With repeal of the extraterritorial income exclusion expected in 2004, many U.S. companies selling abroad must rethink tax strategies related to export profit. Many firms with net operating loss (NOL) carryforwards, foreign tax credit (FTC) carryforwards, and interest-charge domestic international sales corporations (ICDs) can reduce marginal tax rates (MTRs) below rates otherwise applying to domestic sales. This article provides several case examples illustrating how U.S. exporters can minimize the MTR applicable to export profit. MTRs often depend on the period over which the company expects to absorb its NOL or FTC carryforward, the firm’s discount rate, and, in the case of ICDs, the prevailing T-bill rate. Assuming a 34% corporate tax rate, exporters with NOL (FTC) carryforwards can reduce the MTR on export profit to zero (17%) in some cases. Also, over the range of variables this article examines, the ICD reduces the MTR on export profit to between 34 and 21%. The cases illustrate how NOL and FTC carryforwards and ICDs affect exporters’ MTRs and provide educators with useful tools for discussing the tax aspects of exporting.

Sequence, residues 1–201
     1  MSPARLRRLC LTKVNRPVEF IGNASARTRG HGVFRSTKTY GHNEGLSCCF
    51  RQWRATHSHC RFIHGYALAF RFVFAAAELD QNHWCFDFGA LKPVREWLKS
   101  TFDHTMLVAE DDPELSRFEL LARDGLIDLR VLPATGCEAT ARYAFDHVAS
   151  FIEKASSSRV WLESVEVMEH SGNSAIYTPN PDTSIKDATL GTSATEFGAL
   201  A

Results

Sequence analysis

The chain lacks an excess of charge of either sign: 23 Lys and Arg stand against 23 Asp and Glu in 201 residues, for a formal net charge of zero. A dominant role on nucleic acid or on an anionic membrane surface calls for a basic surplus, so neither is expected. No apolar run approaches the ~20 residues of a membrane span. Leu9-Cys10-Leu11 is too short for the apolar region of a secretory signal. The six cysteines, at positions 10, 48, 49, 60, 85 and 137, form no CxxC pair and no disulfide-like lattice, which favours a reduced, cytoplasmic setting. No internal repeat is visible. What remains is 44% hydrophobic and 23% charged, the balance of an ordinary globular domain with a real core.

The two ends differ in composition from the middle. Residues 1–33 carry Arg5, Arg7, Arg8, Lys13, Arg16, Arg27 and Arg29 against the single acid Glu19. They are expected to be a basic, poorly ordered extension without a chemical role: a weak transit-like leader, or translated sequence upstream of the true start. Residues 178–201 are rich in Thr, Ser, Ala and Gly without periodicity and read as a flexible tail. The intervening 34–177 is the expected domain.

Larkins, E.R. (2004), "EXPORT INCENTIVES AFTER REPEAL OF THE EXTRATERRITORIAL INCOME EXCLUSION", Advances in Taxation (Advances in Taxation, Vol. 16), Emerald Group Publishing Limited, Bingley, pp. 201-219. https://doi.org/10.1016/S1058-7497(04)16009-2
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